When I read a review about MK808B Plus this morning, I noticed the reviewer used Antutu Video Tester to evaluate video/audio performance of the device. Somehow I had never noticed it, and Antutu developers claim it can not only check whether video or audio codec are supported, but the tool can also give an appraisal of video quality:
AnTuTu Video Test is a professional tool for testing video playback capability of Android Smart TV, set-top boxes and other devices. It integrates a few featured videos and testing algorithms that can help users judge the playback performance of the devices clearly. AnTuTu video test can not only detect the video playback formats devices support, but also can test the playback quality of devices.
Let’s check out the results and list of files.
So they test a bunch of videos with 1080p and 2160p resolution with the most common codec, but it’s far from extensive. Based on this table, the only problem with the box is that it can not play DTS or AC-3 files with the video player (stock?) used in the tester. So overall it does not look that bad. But since I noticed some 1080p pixelated videos, and/or skipped frames, Chameleon got just 263 points, which is rather low compared to some other television sets or TV boxes, and should mean Antutu Video Tester does indeed take into account video playback “quality” as advertised.
Have you tried on your Android media player? What’s your score?
Jean-Luc started CNX Software in 2010 as a part-time endeavor, before quitting his job as a software engineering manager, and starting to write daily news, and reviews full time later in 2011.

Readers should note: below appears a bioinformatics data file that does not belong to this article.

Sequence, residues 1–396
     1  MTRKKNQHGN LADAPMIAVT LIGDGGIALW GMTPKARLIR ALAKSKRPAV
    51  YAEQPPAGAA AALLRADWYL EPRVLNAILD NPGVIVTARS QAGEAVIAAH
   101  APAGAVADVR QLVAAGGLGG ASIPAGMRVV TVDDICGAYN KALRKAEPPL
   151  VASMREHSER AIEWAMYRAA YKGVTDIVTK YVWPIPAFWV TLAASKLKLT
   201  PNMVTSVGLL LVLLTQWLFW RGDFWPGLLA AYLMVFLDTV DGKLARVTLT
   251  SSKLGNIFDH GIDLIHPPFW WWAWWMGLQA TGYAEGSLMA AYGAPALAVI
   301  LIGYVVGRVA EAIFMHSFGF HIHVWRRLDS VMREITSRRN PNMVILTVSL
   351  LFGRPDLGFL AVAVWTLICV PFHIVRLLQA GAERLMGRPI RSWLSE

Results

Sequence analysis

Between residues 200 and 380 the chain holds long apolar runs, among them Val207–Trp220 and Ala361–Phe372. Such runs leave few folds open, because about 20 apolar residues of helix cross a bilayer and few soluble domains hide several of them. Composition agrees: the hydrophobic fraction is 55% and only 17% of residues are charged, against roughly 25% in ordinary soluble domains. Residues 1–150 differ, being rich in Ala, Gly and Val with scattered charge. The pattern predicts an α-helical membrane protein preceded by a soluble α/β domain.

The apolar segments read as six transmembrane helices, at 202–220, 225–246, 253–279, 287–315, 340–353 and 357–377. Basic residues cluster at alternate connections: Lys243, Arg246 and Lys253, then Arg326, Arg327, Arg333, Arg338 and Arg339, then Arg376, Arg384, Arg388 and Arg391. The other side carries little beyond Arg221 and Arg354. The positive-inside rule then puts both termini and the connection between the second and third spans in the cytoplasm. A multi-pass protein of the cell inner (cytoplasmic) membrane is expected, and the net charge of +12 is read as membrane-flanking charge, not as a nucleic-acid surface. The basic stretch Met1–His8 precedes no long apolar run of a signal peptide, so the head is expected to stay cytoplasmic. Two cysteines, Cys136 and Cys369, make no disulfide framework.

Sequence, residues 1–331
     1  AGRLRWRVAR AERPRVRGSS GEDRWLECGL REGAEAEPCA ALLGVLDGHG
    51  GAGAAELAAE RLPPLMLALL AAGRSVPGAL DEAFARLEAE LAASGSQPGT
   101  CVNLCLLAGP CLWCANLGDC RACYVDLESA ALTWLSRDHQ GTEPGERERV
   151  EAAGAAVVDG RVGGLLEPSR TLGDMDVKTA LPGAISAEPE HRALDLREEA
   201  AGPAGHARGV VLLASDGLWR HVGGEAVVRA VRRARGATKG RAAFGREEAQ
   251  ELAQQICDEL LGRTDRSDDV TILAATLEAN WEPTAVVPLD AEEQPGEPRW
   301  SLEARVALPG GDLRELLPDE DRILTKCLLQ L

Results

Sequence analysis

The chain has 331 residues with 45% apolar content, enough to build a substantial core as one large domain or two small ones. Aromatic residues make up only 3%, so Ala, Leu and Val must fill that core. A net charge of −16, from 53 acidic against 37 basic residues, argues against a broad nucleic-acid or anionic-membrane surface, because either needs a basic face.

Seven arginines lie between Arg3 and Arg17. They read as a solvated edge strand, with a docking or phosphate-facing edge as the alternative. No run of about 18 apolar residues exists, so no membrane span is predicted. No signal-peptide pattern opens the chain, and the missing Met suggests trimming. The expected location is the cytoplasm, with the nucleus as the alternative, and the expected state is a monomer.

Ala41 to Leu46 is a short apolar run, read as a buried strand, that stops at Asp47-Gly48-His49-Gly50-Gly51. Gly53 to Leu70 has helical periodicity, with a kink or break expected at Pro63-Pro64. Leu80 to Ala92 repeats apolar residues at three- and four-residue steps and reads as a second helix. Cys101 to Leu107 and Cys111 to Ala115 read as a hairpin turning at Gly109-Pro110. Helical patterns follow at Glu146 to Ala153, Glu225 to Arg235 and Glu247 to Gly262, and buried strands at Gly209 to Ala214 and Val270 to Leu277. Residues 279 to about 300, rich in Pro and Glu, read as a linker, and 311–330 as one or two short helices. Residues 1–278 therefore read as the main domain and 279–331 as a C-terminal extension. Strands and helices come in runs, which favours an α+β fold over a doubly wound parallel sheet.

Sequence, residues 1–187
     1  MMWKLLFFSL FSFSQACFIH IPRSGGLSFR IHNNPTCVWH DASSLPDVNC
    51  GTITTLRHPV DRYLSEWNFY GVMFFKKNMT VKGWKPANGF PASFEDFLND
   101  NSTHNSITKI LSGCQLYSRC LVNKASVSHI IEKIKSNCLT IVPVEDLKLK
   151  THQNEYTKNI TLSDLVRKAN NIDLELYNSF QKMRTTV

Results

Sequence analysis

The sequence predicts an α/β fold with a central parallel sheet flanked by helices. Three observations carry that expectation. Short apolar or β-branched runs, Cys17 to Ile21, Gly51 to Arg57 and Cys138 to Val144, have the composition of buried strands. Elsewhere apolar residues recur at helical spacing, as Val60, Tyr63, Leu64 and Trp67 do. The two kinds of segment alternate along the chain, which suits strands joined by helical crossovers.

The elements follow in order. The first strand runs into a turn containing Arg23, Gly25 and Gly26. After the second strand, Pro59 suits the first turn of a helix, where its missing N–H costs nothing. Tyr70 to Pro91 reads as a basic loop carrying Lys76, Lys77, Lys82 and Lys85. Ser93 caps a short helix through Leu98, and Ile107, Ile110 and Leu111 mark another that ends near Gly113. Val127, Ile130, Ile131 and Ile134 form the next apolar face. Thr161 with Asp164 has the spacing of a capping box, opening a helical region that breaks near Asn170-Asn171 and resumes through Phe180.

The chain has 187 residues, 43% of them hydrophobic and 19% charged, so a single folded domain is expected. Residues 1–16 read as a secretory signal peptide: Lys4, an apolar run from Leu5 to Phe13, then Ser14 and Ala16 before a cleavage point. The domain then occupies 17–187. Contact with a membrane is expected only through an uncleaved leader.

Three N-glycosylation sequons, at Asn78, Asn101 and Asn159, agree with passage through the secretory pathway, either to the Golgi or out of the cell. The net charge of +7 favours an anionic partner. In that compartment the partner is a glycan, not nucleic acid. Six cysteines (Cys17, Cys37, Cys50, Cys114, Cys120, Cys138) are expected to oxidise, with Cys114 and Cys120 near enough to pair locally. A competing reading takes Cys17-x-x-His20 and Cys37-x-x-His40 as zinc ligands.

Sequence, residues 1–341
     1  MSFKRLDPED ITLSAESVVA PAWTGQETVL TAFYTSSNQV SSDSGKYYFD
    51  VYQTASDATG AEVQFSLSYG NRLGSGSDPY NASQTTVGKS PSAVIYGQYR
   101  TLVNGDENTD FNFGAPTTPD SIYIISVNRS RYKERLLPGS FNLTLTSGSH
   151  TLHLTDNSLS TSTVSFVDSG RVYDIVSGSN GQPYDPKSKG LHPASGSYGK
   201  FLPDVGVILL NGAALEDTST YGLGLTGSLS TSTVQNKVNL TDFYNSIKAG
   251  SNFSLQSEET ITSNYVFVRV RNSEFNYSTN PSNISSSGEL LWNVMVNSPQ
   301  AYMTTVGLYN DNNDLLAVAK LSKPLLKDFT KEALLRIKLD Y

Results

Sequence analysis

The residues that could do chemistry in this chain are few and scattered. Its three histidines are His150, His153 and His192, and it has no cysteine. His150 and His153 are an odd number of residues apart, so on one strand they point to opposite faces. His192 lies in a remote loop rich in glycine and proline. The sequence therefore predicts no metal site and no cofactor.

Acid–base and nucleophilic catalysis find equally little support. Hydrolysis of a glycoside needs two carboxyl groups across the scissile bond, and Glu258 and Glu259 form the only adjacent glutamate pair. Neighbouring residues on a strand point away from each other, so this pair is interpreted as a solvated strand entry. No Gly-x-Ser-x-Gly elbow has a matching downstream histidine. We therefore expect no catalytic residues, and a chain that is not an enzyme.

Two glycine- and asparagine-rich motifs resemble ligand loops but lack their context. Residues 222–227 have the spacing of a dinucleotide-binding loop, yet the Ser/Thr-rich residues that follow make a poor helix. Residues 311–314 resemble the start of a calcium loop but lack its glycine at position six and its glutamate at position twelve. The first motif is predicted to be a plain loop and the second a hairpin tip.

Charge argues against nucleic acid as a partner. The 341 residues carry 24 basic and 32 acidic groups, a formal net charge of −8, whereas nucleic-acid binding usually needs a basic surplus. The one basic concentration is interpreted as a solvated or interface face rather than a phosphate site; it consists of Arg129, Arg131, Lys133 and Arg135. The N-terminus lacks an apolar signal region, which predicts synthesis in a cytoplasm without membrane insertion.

14 Replies to “Antutu Video Tester Automatically Tests Video and Audio Codecs & Playback Quality in Android”
I noticed that when I did run the test, some of the videos passed but watching the actual test, you could see them choke. For example, in my MK808B Plus review, the VP8 video passed but playback was really choppy. I wish the app would log things like framerate/dropped/skipped frames, etc
Yes, me too but I think this is reflected in the score.
This does not actually test if hardware video/audio decoding works using VPU/DSP?
Does this not only test software video/audio decoding using raw CPU compute?
I believe this tests simply only runs software decode using raw CPU compute power as a way to compare CPU performance.
Open Hour got only 276 points, but HiMedia Q5 (dual or quad core Hisilicon Cortex A9 depending on model) gets 704 points.
Rockchip RK3288 would get a better score (vs Hisilicon SoCs) with software audio/video decoding, and DTS / AC3 would work. So I guess it’s not caring about hardware or software decoding. It’s just probably using the MediaCodec API with stock video player?, check whether it works, possibly (but not sure) check frame rate and other quality parameters, and provides a score.
my score is 382, what does it mean? does this have a guide where I can translate the scores for better understanding?
The higher the score the better. I could not find details how they compute the score, but it depends on the vide/audio decoding results, quality, and frame rate. You may see some videos look pixelated during testing, those should decrease the overall score. The best score is 704 so far.
the ‘Tronsmart Draco AW80’ get 704… but I don’t know about the symbol with the number at the score, because I get a 5 and if 704 is the truth, it must be 1… (http://www.freaktab.com/showthread.php?20763-AnTuTu-Video-Tester)
And at the RK3288 (UBOX at 111K4) I get 320 with a 3 (http://www.freaktab.com/showthread.php?21764-ro-sys-hiritsu-(Real-AnTuTu-result)&p=269620&viewfull=1#post269620)…
I assume they both give a score in the hundred, and a number of stars 3 stars, 5 stars… with 5 stars being the best.
Ahhh, ok, this means ‘stars’ and not ‘place’… 🙂
On my mbox m8 s802, 2gb, Android 4.4 scored 911 . HD TV.